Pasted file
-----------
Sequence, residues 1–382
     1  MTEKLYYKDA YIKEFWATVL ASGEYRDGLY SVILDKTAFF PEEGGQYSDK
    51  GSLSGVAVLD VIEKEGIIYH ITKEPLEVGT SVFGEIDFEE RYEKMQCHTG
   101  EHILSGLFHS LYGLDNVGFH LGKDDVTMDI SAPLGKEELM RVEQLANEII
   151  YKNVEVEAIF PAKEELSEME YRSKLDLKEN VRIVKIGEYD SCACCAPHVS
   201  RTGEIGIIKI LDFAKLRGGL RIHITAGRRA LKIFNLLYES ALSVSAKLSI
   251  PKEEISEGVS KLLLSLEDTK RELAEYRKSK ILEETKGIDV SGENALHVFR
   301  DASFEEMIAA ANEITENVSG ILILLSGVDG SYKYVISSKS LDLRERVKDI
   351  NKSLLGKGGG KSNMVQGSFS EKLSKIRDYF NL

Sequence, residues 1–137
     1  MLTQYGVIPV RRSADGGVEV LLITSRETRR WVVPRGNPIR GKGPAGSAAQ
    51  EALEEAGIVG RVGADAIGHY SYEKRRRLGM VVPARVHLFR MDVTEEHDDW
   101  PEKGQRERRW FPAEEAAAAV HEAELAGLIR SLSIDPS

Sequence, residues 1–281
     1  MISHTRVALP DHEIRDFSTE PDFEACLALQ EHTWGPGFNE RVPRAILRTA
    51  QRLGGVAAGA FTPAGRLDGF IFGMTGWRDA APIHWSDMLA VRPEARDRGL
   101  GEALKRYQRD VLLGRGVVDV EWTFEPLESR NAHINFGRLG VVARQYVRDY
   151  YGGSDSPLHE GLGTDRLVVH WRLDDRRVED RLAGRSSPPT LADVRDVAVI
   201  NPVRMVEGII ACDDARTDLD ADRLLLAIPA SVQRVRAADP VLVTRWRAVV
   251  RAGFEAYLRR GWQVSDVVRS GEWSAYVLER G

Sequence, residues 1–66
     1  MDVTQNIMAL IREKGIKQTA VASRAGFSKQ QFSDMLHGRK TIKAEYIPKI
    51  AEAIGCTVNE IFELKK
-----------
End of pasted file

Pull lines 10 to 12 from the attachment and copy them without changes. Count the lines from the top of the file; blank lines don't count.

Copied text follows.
Sequence, residues 1–137
     1  MLTQYGVIPV RRSADGGVEV LLITSRETRR WVVPRGNPIR GKGPAGSAAQ
    51  EALEEAGIVG RVGADAIGHY SYEKRRRLGM VVPARVHLFR MDVTEEHDDW